Contact centers must always be working to improve so that they can provide better service to their customers.
To do this, they must be able to find problems or inefficiencies and correct them. KPIs and metrics provide this visibility, allowing them to give excellent call center customer service.
Learn more about the top call center KPIs and metrics to get the most out of both.
Analyzing call center key performance indicators (KPIs) is imperative when assessing the effectiveness and efficiency of the call center. A strong call center solution is critical to measure KPIs in an efficient way. While it is clear to most call center managers and decision-makers that they need to analyze call center KPIs, what is often not so clear is which contact center metrics to measure and track over time. This blog post will help you to understand which metrics to track and how a call center solution can help with that. Keep reading to know more about top call center KPIs and metrics to track for success.
Top call center KPIs and metrics.
1. Percentage of calls blocked.
A call center KPI that greatly impacts customer satisfaction is the percentage of calls blocked. This is the percentage of inbound callers that received the busy tone when they call and is often caused by one of the following:
- There are no available agents and no call queues configured (or the call queues are full) so callers hear a busy tone when they call or are routed directly to voicemail.
- The call center software can not adequately handle the call volume.
As even one blocked call can be a missed opportunity to connect with a customer or prospect, this is a call center KPI that should never be ignored.
2. Average time in queue.
No one wants to wait in a queue for a long period of time. Thus, in order to ensure your callers’ wait time is within an acceptable range (as well as customer satisfaction) you must keep track of the average time in queue. This metric is the total time callers wait in call queues divided by the total number of calls answered by agents. It is a great indicator of whether or not your team is providing their callers with the service they deserve.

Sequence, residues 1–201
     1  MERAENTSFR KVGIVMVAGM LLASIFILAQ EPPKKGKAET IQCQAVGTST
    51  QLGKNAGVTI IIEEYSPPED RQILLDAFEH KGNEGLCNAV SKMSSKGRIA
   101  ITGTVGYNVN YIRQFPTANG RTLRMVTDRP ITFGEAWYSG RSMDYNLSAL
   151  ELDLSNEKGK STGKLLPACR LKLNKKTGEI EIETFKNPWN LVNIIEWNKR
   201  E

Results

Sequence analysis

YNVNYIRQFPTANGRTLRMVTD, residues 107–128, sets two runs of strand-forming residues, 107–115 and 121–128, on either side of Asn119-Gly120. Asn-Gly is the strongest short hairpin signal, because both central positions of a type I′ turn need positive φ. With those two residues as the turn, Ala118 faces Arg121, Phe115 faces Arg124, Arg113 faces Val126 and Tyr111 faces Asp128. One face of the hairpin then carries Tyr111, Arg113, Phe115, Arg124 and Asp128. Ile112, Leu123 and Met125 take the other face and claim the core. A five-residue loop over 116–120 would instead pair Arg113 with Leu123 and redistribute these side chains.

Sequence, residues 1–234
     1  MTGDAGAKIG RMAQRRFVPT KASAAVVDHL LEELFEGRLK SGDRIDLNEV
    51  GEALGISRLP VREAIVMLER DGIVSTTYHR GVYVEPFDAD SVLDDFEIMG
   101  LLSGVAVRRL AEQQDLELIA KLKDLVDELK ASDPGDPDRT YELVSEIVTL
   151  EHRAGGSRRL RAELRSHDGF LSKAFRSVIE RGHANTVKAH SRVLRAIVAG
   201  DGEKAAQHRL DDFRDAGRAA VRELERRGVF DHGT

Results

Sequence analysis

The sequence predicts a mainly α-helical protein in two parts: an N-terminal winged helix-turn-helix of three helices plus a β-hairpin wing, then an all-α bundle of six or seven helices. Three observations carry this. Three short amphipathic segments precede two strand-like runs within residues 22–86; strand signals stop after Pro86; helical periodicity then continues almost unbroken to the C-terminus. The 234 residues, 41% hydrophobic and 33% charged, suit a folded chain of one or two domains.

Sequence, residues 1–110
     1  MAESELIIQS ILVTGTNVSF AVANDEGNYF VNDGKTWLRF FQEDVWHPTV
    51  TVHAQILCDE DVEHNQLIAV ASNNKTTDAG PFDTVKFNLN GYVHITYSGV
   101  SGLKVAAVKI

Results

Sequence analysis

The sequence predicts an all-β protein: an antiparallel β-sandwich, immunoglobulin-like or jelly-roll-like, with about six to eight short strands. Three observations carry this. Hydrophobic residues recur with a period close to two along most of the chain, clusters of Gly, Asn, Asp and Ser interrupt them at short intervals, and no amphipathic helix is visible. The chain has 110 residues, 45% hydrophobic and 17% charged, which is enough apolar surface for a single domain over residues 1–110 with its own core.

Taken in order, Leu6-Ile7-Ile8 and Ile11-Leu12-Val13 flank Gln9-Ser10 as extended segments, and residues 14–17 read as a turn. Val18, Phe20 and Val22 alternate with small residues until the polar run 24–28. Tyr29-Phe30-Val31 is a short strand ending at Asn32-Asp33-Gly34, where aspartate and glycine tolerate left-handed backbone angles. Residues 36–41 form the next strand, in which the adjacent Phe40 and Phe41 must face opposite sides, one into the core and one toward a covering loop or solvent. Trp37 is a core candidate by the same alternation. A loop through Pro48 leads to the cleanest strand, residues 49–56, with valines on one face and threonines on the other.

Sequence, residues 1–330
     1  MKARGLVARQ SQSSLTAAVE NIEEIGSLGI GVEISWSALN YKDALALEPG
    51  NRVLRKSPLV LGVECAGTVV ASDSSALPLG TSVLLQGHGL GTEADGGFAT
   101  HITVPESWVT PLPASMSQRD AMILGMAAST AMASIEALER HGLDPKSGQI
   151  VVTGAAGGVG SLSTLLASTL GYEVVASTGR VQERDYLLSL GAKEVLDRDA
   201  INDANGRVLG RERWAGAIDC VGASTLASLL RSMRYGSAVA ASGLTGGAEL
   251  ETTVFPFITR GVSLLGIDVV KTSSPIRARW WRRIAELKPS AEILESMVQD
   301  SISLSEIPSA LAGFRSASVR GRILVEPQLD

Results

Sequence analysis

Everything you need to know about call center KPIs
3. Average abandonment rate.
Call abandonment, or the percentage of callers who hang up before reaching an agent, is a common occurrence in the call center and has a negative impact on customer retention. It is crucial that customer-centric call centers keep track of this KPI and make sure that it remains below a target threshold.
4. Service level.
Service level is the percentage of calls answered within a specified number of seconds. Modern call center solutions typically display KPIs in real-time to both agents and managers in their call center software metrics dashboard so they can make data-driven decisions that will have an impact on keeping this KPI within an acceptable range.
5. Average speed of answer.
The average speed of answer is the average time it takes for calls to be answered in the call center during a specific time frame. This includes time spent waiting in a queue while the agent’s phone rings; however it does not include the time it takes to navigate through the interactive voice response (IVR) system. It is a call center KPI typically referenced by managers when assessing their team’s efficiency and degree of accessibility to their callers.
6. Average handle time.
Average handle time is the elapsed time from when an agent answers a call until the agent disconnects. It is one of the most commonly analyzed KPIs in the call center industry as it is directly related to caller satisfaction.
7. Average after-call work time.
In most call centers, an agent’s work does not end when they finish a call. In fact, they often spend quite a bit of time updating databases, sending emails and informing teammates about the call. This time an agent spends completing a transaction after the caller has disengaged is called after-call work time. Managers often seek to reduce after-call work so that they can maximize the time their team spends interacting with customers while they are on the clock—and a strong call center solution is the right answer just for that.